Vail’s forest health means more cutting
The Vail Daily
Aspen, CO Colorado
VAIL, Colo. – White River National Forest Supervisor Scott Fitzwilliams signed a decision last week that outlines plans to cut about 984 acres of dead trees on Vail Mountain.
The Forest Service says the trees – lodgepole pines that have been infested by the mountain pine beetle epidemic – pose a public safety threat. The project is being called the Vail Ski Area Forest Health Project.
The mountain pine beetle epidemic has infested more than 4 million acres of lodgepole pine trees in Wyoming and Colorado since the first signs of the outbreak in 1996. The dead trees are in danger of falling, creating year-round safety concerns for forest recreation users.
Vail Resorts, which leases the Vail ski area land from the U.S. Forest Service, would likely cut no more than 50 acres in any one year because of funding and other restraints, according to the Forest Service decision released last week.
Tom Allender, Vail Resorts’ director of resort planning, said 50 acres is a lot of trees when you’re talking about this kind of work. Some years the resort might cut 15 acres, and some years it might cut 35 acres, he said.
“It all will depend on how the infestation progresses and how the dead trees react,” Allender said. “If we’re having a lot of (falling trees), then we’ll have to accelerate it.”
The good news is that Vail Mountain’s forest is not what’s called a monoculture, meaning the majority of the tree stands are mixed with different species. Since the lodgepole pine trees are the pine beetle’s food of choice, trees like furs, spruces and aspens are healthy and thriving.
That means many of the acres identified for cutting in the Vail Ski Area Forest Health Project will not be massive clear cuts, Allender said.
“We do not have a monoculture here, so we’re still going to have a forest on Vail Mountain,” he said.
Dave Neely, district ranger for the Eagle/Holy Cross Ranger District, said the dead trees along ski runs and some along chair lift lines are concerning.
“The No. 1 priority is to protect public and employee safety,” Neely said.
Neely said the Vail Forest Health Project decision is a broad look at the hazards within the Vail ski area boundaries. The decision incorporated a lot of input from Vail Resorts about what they think are critical needs in terms of public safety and dead trees.
“We want to make sure people know that it wasn’t anyone’s desire to go out and do major logging efforts,” Neely said. “We’re in a position of needing to respond to a pretty extraordinary natural event.”
Neely said it wouldn’t be responsible to continue on without taking what he calls common sense steps.
Neely said he’s sure anyone who could hear the trees cracking from within the ski area, like he did last March as he stood next to a tree near one of Vail’s children’s ski areas that had fallen down within the last 24 hours, should agree.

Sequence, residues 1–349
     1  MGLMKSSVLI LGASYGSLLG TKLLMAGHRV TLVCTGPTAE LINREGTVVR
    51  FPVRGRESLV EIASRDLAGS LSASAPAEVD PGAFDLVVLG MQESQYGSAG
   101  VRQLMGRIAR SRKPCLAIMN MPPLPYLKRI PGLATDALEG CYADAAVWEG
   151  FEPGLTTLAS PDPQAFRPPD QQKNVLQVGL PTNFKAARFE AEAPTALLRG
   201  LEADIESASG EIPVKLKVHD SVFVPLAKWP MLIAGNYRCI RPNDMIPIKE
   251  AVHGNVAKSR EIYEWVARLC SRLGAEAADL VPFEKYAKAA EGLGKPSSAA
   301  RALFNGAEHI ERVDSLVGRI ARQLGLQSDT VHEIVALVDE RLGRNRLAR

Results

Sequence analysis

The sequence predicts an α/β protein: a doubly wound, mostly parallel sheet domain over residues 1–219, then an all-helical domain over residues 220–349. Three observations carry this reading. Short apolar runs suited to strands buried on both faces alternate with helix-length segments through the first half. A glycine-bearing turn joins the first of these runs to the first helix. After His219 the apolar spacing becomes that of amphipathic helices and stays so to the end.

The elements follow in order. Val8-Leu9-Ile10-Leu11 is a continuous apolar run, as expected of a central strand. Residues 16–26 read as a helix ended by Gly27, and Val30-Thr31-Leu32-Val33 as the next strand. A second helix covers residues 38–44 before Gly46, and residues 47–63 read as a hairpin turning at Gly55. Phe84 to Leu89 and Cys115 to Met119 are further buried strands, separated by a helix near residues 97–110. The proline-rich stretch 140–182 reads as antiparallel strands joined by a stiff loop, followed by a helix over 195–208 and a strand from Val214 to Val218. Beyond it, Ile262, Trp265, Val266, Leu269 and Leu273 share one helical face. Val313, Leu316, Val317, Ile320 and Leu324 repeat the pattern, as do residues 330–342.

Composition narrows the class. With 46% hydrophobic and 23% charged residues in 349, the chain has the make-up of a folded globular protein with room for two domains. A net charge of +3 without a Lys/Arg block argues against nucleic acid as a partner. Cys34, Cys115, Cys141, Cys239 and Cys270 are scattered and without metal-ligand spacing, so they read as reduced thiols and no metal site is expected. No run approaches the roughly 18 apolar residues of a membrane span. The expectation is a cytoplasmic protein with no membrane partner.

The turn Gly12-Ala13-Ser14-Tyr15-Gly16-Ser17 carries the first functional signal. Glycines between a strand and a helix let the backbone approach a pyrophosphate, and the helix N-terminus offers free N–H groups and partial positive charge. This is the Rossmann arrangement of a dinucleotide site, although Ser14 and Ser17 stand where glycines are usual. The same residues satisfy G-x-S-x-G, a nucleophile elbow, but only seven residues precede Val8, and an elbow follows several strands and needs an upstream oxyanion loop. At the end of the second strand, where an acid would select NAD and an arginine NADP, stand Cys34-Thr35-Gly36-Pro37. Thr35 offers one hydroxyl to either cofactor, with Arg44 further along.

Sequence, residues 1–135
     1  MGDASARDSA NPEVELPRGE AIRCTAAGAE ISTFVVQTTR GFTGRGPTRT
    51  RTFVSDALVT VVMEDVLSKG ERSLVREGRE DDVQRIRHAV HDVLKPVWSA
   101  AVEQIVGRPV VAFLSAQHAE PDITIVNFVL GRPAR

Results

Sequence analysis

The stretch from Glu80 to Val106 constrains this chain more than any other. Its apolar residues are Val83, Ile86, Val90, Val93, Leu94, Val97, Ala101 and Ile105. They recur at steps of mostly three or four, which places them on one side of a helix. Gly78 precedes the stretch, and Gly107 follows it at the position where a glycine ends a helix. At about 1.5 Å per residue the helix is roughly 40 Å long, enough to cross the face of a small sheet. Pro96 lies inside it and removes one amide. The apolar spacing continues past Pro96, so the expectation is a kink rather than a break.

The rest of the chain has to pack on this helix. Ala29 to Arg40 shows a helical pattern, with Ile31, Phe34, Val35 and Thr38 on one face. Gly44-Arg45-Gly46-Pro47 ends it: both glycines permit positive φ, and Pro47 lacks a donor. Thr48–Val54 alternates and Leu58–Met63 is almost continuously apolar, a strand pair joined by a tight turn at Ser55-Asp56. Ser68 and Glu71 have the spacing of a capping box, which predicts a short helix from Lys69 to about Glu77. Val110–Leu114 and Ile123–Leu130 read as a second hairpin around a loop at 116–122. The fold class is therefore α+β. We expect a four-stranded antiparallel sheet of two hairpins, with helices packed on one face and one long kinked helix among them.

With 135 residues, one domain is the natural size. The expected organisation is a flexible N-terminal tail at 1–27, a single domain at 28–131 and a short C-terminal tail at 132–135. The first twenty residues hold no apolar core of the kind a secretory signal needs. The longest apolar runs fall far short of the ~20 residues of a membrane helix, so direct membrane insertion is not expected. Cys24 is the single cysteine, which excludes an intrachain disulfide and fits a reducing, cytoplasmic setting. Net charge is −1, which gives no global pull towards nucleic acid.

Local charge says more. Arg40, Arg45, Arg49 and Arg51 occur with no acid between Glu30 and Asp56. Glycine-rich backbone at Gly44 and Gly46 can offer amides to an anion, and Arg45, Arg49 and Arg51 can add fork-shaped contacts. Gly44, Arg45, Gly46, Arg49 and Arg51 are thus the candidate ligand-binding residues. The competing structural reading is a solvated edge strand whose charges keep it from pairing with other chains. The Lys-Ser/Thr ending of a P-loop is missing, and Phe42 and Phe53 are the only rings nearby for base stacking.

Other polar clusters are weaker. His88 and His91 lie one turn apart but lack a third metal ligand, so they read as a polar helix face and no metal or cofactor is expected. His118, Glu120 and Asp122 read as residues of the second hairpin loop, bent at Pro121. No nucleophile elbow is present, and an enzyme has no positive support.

“We can’t just continue to hope that somebody doesn’t get hit,” Neely said.
Allender said work is going on this summer that focuses on those children’s attractions at Vail Mountain. While the Vail Ski Area Forest Health Project is still in an appeal process, the resort has the authority to remove trees identified as hazard trees, meaning they’re a more imminent danger to public safety.
Some of the projects outlined in the decision include clear-cuts as options, but Allender said the decisions really depend on the makeup of the forest in those specific areas.
Vail Mountain completed a clear cut near the top of the mountain, under the Eagle Bahn gondola lift line, in 2008 that changed the look of that terrain. The Vail Forest Health Project shows several areas across the mountain where more clear cuts, thinning and partial cuts within stands will be necessary.
If there’s an island of trees between two trails, and the ground between those two trails is uniform, Allender said the resort might choose to take the whole island of trees out.
But if there’s a stand of trees that serves as a major trail divider in which the resort wants to maintain, or a deep gully where the resort doesn’t want to encourage skiing, then it might choose patch cuts, or tree thinning.
“It changes every year,” Allender said. “While we’ve got the (Vail Ski Area Forest Health Project plans) and it gives us an outline, the work depends on infestation and the aftermath of the infestation.”
Vail Mountain employees and volunteers planted saplings Wednesday in areas on Vail Mountain that were cleared or thinned in 2008 and 2010, covering about 30 acres of terrain with about 1,500 lodgepole saplings that are already about 18 inches tall.
Beaver Creek Mountain employees and volunteers planted 1,700 native lodgepole seedlings at Beaver Creek Tuesday, also in areas where trees have been thinned.
The Beaver Creek Ski Area Forest Health Project, similar to the Vail Forest Health Project, is still under Forest Service analysis and should receive a decision later this summer that outlines the treatment of infested and hazard trees at that resort over the next decade.
The Vail project could begin as early as this summer depending on how the 30-day appeal process goes, Neely said.
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